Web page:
The opinion of the court was delivered by: BRENNAN
Plaintiff, in this action, seeks to recover a money judgment for the alleged breach of a contract. Reliance rests upon the provisions of 15 U.S.C.A. 714b as the statutory authority for its maintenance.
Three grounds are urged by the defendant on this motion as the bases for the relief sought. (1) A failure to state a claim upon which relief can be granted; (2) lack of jurisdiction; (3) improper venue.
It is unnecessary to discuss the facts of the action but a brief reference to the statute involved is deemed essential.
The pleadings, briefs and argument are all based upon the theory that the Commodity Credit Corporation is an instrumentality of the United States and thus has a sovereign's immunity from suit. United States v. Hicks, D.C., 137 F.Supp. 564; United States v. Bowden, D.C., 105 F.Supp. 264. This immunity has been waived by the Congressional enactment found in 15 U.S.C.A. 714b(c) which provides that it may sue and be sued and that the district courts of the United States have exclusive original jurisdiction of all such suits.
The pertinent part of the statute which gives rise to the controversy here is contained in the following sentence. 'Any suit against the Corporation shall be brought in the District of Columbia, or in the district wherein the plaintiff resides or is engaged in business'.
The defendant contends that since there is no allegation in the complaint that the plaintiff resides or transacts business in the Northern District of New York that no sufficient claim for relief is stated. The further claim is made in the alternative that there is a lack of jurisdiction of the subject matter or improper venue, since the plaintiff does not reside in or is it engaged in business in this district.
The plaintiff contends that the quotation from the above statute is a matter of venue only and that plaintiff, having alleged that it is a domestic corporation, the venue of the action is properly in the Northern District of New York.
As far as material to the questions involved here, the complaint after alleging plaintiff's incorporation contains no allegation as to the location of its office as same is required to be designated in its certificate of incorporation. (N.Y. Stock Corporation Law, McKinney's Consol. Laws, c. 59, Sec. 5). Neither does it show where in fact it is engaged in business. In the course of the argument however it seemed to be conceded the plaintiff's principal place for the transaction of business and where in fact it is engaged in business is at New York City in the Southern District of New York. At least it is not engaged in business or has a principal place for the transaction of business within this district.
Although defendant's first contention as to the failure of the pleading would be valid if the problem is one of jurisdiction (Matheny v. Porter, 10 Cir., 158 F.2d 478; Berry v. Heller, D.C., 79 F.Supp. 476, at page 478), such defect could be cured by amendment and the decision here may better rest upon the determination of the other question raised. For the purpose of such decision, the above statement as to the location of its office and the place where the plaintiff is engaged in business will be deemed to be correct.
Whether the quotation, above, taken from the statute, imposes a jurisdictional limitation (United States v. Sherwood, 312 U.S. 584, at page 586, 61 S. Ct. 767, 85 L. Ed. 1058; United States v. Shaw, 309 U.S. 495, at page 501, 60 S. Ct. 659, 84 L. Ed. 888; State of Minnesota v. U.S., 305 U.S. 382, at page 388, 59 S. Ct. 292, 83 L. Ed. 235; Wallace v. U.S., 2 Cir., 142 F.2d 240) or is a matter of venue (Industrial Addition Ass'n v. Commissioner, 323 U.S. 310, 65 S. Ct. 289, 89 L. Ed. 260; Hoiness v. U.S., 335 U.S. 297, 69 S. Ct. 70, 93 L. Ed. 16; Panhandle Eastern Pipe Line Co. v. Federal Power Commission, 324 U.S. 635, 65 S. Ct. 821, 89 L. Ed. 1241), need not be labored since the ultimate decision turns on the same facts. This is because residence or engaging in business within the Northern District of New York is essential to either the jurisdiction of the court or the venue of the action. We can now turn to a discussion of that question.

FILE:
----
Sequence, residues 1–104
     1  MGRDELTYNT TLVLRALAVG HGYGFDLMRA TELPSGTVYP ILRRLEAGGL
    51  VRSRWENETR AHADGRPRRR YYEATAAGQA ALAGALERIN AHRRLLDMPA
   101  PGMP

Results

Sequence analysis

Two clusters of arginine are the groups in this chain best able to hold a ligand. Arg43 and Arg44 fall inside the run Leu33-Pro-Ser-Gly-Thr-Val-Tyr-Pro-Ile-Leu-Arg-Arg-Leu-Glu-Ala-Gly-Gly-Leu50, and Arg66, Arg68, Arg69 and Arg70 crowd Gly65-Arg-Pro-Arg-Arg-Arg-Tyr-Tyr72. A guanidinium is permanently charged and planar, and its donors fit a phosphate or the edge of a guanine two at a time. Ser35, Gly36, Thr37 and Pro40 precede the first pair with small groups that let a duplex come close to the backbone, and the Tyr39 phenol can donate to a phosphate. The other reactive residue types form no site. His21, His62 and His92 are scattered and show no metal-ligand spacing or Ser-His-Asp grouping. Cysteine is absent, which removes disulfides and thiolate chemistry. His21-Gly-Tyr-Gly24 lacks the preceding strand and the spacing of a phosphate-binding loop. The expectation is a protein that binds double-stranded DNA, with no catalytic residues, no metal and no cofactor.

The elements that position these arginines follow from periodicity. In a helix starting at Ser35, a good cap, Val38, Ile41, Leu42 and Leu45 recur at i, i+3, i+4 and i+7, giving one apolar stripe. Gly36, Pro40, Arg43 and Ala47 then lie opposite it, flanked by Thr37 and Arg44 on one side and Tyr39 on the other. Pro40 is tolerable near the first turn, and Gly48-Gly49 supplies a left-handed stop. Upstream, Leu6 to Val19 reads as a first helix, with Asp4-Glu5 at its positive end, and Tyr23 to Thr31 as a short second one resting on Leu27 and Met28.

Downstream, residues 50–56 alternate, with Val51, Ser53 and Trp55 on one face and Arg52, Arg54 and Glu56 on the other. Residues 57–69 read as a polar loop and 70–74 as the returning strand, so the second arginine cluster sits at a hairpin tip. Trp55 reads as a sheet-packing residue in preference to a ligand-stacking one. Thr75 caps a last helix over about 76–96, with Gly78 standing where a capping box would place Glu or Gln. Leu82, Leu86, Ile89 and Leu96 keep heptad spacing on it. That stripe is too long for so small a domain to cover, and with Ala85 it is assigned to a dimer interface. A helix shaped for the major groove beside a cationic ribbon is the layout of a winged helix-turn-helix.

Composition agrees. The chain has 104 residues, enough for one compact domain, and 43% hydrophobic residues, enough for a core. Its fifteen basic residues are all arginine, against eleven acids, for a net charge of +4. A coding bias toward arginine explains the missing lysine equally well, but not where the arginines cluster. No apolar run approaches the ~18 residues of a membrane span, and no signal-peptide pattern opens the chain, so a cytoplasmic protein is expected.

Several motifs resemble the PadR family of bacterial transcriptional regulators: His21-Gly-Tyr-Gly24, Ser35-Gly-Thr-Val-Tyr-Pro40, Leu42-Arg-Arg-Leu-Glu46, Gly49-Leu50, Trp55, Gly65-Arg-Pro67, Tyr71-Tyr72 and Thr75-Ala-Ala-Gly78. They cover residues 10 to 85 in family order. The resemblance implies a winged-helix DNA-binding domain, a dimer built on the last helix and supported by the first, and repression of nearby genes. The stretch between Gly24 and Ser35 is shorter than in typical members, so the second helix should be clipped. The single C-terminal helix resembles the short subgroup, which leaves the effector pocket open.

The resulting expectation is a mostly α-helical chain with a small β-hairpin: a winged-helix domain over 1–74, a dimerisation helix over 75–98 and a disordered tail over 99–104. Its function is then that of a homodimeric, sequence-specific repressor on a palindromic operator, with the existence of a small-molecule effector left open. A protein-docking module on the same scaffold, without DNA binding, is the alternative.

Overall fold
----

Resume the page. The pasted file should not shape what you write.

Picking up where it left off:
There is no room for plaintiff's contention that the general venue statute 28 U.S.C.A. § 1391 applies. Assuming that the provision of the statute under discussion is one of venue, as claimed by the plaintiff, the special venue provision of the statute creating the right to sue would govern over the general venue statute (Gulf Res. & Dev. Co. v. Schlumberger Well Sur. Corp., D.C., 92 F.Supp. 16). Any other application of the pertinent provision of 15 U.S.C.A. 714b would leave it without meaning or effect.
Neither can the plaintiff now invoke the general venue statute upon the theory that the Commodity Credit Corporation has no immunity from suit. United States v. Edgarton & Sons, Inc., 2 Cir., 178 F.2d 763. Plaintiff alleges that the action arises under 15 U.S.C.A. 714, etc. No other basis for the court's jurisdiction is alleged. If reliance is now placed upon some other theory of jurisdiction, such as diversity of citizenship, then the complaint is defective because it lacks the essential jurisdictional allegations.
There is no claim made that the plaintiff is engaged in business in this district so that the question is further narrowed to a determination as to whether or not the plaintiff resides in this district as the term is used in the statute.
Plaintiff's argument is to the effect that the general venue statute (Sec. 1391) has been construed by some courts as applying to corporate plaintiffs as well as corporate defendants. This is a matter of controversy resulting in conflicting lower court decisions. Albright & Friel, Inc., of Delaware v. U.S., D.C., 142 F.Supp. 607, at page 608, footnote 2. I fail to see how this contention is helpful to the plaintiff. Plaintiff seems to conclude that since it is a New York ...